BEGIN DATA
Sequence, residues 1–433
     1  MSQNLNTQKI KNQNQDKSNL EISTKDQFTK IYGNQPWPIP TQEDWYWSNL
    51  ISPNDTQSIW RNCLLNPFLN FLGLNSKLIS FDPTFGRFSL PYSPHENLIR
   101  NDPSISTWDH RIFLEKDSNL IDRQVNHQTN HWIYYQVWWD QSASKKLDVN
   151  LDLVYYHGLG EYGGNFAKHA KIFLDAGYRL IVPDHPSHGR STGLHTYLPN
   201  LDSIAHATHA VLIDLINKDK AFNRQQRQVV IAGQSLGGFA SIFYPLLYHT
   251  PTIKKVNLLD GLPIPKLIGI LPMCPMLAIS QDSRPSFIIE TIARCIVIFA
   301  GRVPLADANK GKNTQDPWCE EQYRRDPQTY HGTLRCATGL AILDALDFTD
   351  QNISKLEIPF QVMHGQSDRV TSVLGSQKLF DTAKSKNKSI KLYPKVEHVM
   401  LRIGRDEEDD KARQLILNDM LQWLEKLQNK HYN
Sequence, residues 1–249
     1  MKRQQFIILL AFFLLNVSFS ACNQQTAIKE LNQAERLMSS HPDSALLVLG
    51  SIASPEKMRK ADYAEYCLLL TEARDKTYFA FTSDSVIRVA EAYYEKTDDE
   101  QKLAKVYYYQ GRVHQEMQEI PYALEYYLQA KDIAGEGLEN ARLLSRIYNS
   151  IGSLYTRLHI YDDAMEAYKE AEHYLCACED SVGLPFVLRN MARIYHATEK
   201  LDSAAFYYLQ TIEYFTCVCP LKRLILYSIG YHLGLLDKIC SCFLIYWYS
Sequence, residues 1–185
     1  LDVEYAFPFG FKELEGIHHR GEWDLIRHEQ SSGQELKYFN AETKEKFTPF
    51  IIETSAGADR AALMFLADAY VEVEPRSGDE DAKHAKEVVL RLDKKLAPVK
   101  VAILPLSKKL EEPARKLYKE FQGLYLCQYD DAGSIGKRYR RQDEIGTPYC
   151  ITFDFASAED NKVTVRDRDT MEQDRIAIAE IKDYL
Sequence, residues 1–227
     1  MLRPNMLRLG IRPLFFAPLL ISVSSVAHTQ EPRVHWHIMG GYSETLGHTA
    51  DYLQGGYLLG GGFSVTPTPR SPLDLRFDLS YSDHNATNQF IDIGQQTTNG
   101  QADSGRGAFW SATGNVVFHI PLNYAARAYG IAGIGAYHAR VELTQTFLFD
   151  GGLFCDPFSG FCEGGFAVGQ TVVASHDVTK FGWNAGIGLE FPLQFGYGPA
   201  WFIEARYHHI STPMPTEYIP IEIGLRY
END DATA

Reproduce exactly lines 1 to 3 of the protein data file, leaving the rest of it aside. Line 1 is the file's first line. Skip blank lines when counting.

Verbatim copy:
Sequence, residues 1–433
     1  MSQNLNTQKI KNQNQDKSNL EISTKDQFTK IYGNQPWPIP TQEDWYWSNL
    51  ISPNDTQSIW RNCLLNPFLN FLGLNSKLIS FDPTFGRFSL PYSPHENLIR